How often have you encountered a person saying “we need to use SharePoint for this Application”. That in most cases is a valid response however when it comes to doing the math and begging the CFO to release some of his well guarded cash, the story changes.

Why is this the case ? Well in simple terms buying a whole lot of infrastructure and investing the time and money to get up to speed with the new technology costs money, and when that gets allocated to a project to do Application X, the numbers simply does not add up and will sees you retiring back to your desk in the dark room with no windows.

How do successful organisations then make the most of these products ? Simple really, they have a strategy that is collectively defined by the business and IT allowing for innovation in technology to influence the strategic direction. As opposed to “here is your budget, see you next year”. In most cases organisations that differentiate themselves from the competition are proactive about what they do and see technology as enabler to be responsive. As this is a technology blog I’ll not say Agile in case we start sprinting and scrumming.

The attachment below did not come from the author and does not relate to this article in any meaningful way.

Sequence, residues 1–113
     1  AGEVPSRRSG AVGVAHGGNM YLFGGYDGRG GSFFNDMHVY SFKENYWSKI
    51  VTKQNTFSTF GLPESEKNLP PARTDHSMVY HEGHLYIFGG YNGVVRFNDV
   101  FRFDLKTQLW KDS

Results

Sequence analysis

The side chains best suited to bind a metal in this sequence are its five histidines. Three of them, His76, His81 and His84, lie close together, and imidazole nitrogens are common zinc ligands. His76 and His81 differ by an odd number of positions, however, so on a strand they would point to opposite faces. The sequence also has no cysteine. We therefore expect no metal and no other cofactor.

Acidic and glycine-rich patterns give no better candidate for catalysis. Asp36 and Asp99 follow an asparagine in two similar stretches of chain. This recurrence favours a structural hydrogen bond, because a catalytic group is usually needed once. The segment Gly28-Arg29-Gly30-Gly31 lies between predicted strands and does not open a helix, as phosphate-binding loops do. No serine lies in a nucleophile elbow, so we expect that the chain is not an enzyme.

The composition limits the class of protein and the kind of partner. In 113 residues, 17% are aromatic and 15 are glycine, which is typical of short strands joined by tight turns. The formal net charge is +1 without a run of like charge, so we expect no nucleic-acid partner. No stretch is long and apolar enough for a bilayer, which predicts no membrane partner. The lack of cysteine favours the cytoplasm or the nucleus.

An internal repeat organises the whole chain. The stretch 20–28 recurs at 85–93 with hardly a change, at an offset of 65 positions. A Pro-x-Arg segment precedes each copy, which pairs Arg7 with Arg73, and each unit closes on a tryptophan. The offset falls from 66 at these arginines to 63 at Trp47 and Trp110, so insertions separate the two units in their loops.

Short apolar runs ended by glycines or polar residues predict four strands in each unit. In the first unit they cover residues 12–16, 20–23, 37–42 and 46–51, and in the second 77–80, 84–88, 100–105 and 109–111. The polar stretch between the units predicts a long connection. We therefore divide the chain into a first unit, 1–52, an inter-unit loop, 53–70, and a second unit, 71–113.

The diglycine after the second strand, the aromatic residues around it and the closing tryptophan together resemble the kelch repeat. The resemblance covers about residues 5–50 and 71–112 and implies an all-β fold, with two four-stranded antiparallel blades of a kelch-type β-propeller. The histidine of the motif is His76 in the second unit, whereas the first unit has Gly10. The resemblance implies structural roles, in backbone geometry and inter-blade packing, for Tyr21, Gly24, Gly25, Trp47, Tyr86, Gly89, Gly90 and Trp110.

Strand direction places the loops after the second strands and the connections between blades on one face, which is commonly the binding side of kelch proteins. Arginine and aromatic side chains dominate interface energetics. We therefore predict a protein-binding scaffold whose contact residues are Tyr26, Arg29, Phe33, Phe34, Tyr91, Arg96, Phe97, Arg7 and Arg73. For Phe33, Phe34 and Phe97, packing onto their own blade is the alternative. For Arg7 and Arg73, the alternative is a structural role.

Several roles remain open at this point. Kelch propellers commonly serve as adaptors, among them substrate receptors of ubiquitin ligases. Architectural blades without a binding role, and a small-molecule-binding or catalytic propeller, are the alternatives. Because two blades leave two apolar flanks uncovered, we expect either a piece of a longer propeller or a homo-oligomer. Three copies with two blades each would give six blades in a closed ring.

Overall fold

So back to the value argument, how does this work then? When we strategise IT has on its radar things that will move and change the landscape in terms of trends and technologies. If they don’t, well that is another problem that broadly involves HR and is not suitable for this audience ;-)

We take these trends and more importantly technologies and define a strategy for implementation. This includes a portfolio of projects that most likely will enable the organisation to take another step towards nirvana in terms of their strategy. Now we can do the numbers, inline with what we are trying to achieve.

Having identified the technologies and projects we can now assign the base cost proportional to a number of projects (Economies of Scale), and the implementation cost to each individual project (Realise the Value of each project)

Does this make sense? Well in most cases it does, the challenge is being brave enough to make these changes and planning for a portfolio rather than individual projects.

Ultimately SharePoint is one of those products that can be used as a product for say a Corporate CMS or as an Applications platform on which all the noise (other apps) can be aggregated into a stable provision that standardises implementations and makes life easier for operational support to name but a few long term benefits.

Making a decision on which one it is and then formulating an argument in terms of Return on Investment(ROI) and Total Cost of Ownership(TCO) will not only make the CFO love you(as he now understands what you are saying) but also make the CEO realise that you might be on to a winner. Good luck.